Why do children find the church boring
What young people think about the church - that's exactly what Bishop Hein of the Evangelical Church of Kurhessen Waldeck wanted to know and invited 50 young people from his entire church area to Kassel (for the Youth & Church hearing). He wanted to listen and learn, so Bishop Hein opened the day together and assured the young people that he wanted to take what was said very seriously. And then exactly what the bishop wanted happened: the young people said what they really thought about the church and there was no sparing with criticism and open words. This was moderated methodically and creatively by the specialist for religion, theology and spirituality of EKKW Johannes Meier, so that all young people had the opportunity to participate. Some young people had brought their criticism and their wishes for the church with them in the form of a poster and presented this in a large group, some things were also worked out and lively discussed on this day. For this purpose, a quantitative picture of the mood on the subject of “Youth & Church” was presented, which was determined in the form of a questionnaire from 433 young people over the last six weeks.
In summary, here are some results of the day:
A central criticism was: Church services are boring, old-fashioned and out of date, the sermons have little relevance to the lives of young people and are therefore not interesting. The church has too much tradition and too little courage to innovate. And: Church is mainly perceived through the service and youth work is only seen as a church to a limited extent, diakonia almost not at all. But what does that mean? Church ties are a type of communication that is shaped by the interplay of closeness and distance. The overcoming of distance happens above all through the identification with topics and people, in addition to the current life-world and biographical experiences. If we now assume that most Protestant churches have a church identification centered on worship, but that many young people identify with the worship service neither thematically nor with the people responsible, then the dilemma becomes clearly visible. The results of the quantitative survey were somewhat more positive overall, half of the young people surveyed (from youth work and possibly religious instruction) think that the church is important to them, 37% say that they want to belong to the church and 76% want theirs Let children be baptized later. It becomes much more difficult when it comes to the worship services already mentioned. A large majority of the young people want modern, open, spontaneous and lifelike church services in which they also have the opportunity to participate. They want more opportunities to contribute their thoughts and ideas. Not everything has to change because they are not the only ones who take part in the service, but especially with regard to music and language, the young people want changes and a say. Furthermore, the church was attested to have an image problem. Many young people complain that in the context of their life (school, peer group, etc.) the church is either not perceived at all or is perceived as out of date. This has to do with the living environment itself (e.g. social media) but also with the missing (already mentioned) identification points, as J. puts it in a nutshell: “The Church has none of the questions that really concern me and my friends Answer. ”According to the young people, the church should be closer to the people and do more for them.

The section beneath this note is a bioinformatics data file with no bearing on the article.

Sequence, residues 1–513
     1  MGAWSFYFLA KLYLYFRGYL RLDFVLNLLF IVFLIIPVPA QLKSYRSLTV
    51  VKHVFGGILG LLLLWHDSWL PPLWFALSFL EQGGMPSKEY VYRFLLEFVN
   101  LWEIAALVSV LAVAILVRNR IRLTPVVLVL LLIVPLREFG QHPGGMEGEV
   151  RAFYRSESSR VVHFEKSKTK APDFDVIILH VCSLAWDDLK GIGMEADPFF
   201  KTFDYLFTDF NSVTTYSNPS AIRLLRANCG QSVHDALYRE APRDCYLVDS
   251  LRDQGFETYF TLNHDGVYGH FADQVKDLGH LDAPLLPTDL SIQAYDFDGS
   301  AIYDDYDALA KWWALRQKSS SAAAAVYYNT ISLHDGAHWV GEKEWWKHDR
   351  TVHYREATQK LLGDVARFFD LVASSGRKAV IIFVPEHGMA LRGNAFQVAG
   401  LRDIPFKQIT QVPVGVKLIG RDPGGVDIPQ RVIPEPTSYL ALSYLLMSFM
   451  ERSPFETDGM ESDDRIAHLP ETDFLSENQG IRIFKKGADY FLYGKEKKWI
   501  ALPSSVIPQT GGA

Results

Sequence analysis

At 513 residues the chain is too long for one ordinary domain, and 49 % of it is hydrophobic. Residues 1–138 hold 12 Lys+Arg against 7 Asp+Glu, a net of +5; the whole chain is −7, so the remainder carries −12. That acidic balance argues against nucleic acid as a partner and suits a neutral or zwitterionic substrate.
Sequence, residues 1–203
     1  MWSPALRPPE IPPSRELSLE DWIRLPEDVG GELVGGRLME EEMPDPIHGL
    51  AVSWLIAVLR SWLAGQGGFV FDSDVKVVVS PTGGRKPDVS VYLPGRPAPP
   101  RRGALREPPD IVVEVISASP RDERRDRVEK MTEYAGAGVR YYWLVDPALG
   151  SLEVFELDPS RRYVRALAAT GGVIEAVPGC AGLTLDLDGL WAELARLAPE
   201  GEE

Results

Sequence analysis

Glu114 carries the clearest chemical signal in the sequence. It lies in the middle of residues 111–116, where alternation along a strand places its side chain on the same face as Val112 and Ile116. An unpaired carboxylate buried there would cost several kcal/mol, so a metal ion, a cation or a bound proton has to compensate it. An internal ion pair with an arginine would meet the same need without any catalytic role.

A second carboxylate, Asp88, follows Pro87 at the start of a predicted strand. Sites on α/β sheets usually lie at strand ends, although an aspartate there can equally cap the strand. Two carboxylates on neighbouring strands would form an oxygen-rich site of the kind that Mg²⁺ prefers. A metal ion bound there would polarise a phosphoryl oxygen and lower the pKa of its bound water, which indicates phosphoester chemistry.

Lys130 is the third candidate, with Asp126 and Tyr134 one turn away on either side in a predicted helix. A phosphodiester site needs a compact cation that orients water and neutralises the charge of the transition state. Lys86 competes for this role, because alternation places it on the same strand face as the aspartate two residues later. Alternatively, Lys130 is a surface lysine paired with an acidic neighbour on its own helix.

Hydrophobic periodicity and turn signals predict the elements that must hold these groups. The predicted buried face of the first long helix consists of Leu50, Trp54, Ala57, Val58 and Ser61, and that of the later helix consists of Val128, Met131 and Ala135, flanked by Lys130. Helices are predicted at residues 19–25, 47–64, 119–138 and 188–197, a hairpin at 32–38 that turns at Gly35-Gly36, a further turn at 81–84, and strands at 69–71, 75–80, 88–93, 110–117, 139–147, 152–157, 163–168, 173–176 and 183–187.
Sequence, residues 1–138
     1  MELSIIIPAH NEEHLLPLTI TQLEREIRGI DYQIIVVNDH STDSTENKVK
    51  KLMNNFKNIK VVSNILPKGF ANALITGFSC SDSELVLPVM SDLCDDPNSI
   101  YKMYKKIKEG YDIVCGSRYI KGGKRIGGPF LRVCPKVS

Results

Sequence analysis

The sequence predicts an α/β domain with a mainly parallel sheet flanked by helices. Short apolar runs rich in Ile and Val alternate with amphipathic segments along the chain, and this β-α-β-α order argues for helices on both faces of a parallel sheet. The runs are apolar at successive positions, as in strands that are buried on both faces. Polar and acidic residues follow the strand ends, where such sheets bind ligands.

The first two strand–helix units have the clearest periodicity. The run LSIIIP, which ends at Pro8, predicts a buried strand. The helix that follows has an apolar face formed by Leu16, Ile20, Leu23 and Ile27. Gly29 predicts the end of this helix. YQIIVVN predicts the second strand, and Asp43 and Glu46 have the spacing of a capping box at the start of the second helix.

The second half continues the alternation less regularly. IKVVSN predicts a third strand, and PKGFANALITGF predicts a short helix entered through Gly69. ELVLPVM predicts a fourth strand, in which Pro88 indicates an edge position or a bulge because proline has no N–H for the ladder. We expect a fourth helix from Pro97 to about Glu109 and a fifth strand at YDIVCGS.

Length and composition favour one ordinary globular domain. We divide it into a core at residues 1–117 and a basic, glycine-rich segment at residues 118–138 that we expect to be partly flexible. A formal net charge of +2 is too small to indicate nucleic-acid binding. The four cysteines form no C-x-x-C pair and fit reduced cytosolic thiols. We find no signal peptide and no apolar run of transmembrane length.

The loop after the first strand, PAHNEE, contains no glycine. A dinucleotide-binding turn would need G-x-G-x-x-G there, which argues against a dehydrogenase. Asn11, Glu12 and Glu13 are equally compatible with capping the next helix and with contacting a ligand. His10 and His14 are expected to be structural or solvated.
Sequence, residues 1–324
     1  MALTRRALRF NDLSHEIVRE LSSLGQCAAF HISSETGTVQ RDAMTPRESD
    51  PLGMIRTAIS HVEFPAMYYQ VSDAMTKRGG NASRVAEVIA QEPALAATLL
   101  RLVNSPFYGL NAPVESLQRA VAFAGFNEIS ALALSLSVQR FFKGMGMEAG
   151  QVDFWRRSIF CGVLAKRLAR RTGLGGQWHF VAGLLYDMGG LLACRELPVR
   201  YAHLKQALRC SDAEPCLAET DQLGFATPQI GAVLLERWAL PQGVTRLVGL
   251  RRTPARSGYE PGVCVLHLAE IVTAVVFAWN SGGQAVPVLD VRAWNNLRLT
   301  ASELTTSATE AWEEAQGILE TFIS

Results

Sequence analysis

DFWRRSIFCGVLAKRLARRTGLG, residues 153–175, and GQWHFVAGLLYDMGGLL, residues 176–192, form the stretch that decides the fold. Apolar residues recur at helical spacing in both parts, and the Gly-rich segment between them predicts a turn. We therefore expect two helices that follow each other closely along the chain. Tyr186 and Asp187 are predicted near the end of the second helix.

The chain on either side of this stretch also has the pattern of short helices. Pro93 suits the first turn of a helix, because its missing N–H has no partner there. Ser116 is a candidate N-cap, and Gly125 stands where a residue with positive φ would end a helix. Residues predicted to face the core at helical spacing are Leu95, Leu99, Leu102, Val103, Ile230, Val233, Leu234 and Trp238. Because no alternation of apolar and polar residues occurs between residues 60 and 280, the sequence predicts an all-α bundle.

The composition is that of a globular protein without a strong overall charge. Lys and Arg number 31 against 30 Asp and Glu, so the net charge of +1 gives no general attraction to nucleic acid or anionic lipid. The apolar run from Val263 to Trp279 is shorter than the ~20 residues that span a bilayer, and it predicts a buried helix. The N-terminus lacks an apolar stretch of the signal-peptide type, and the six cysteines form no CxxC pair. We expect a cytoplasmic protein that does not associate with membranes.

Moments of identification and criticism
One topic that ran through the day and that surprised me in its massiveness was the criticism of pastors. Many feel that their pastors do not understand or take them seriously when they want to get involved. Many good experiences and moments of identification from youth work are put into perspective by these sometimes bad experiences. "My pastor is simply not authentic" or "My pastor preaches as if she herself does not believe what she says" were some examples of the young people. This is strongly reminiscent of the “Hattie Study”, which sees the role of teachers as more essential than any other reform conditions. New meeting places for pastors are urgently needed here.
What has been said is now analyzed and classified, precisely because young people in this age phase are particularly critical and also have to set themselves apart. But where is their place in our churches? How can young people identify themselves? These are some of the exciting questions that were debated at the end of the day in order to then agree on how to proceed, because Bishop Hein left no doubt that something has to change in the church so that young people can again get a higher level of identification and participation .
The hearing was prepared by the regional church councilor and head of education, Dr. Gudrun Neebe and Elke Hartmann, head of department in the department for child and youth work with a focus on fundamental issues, specialist and practical advice and concept development.
A detailed report with all the results follows.
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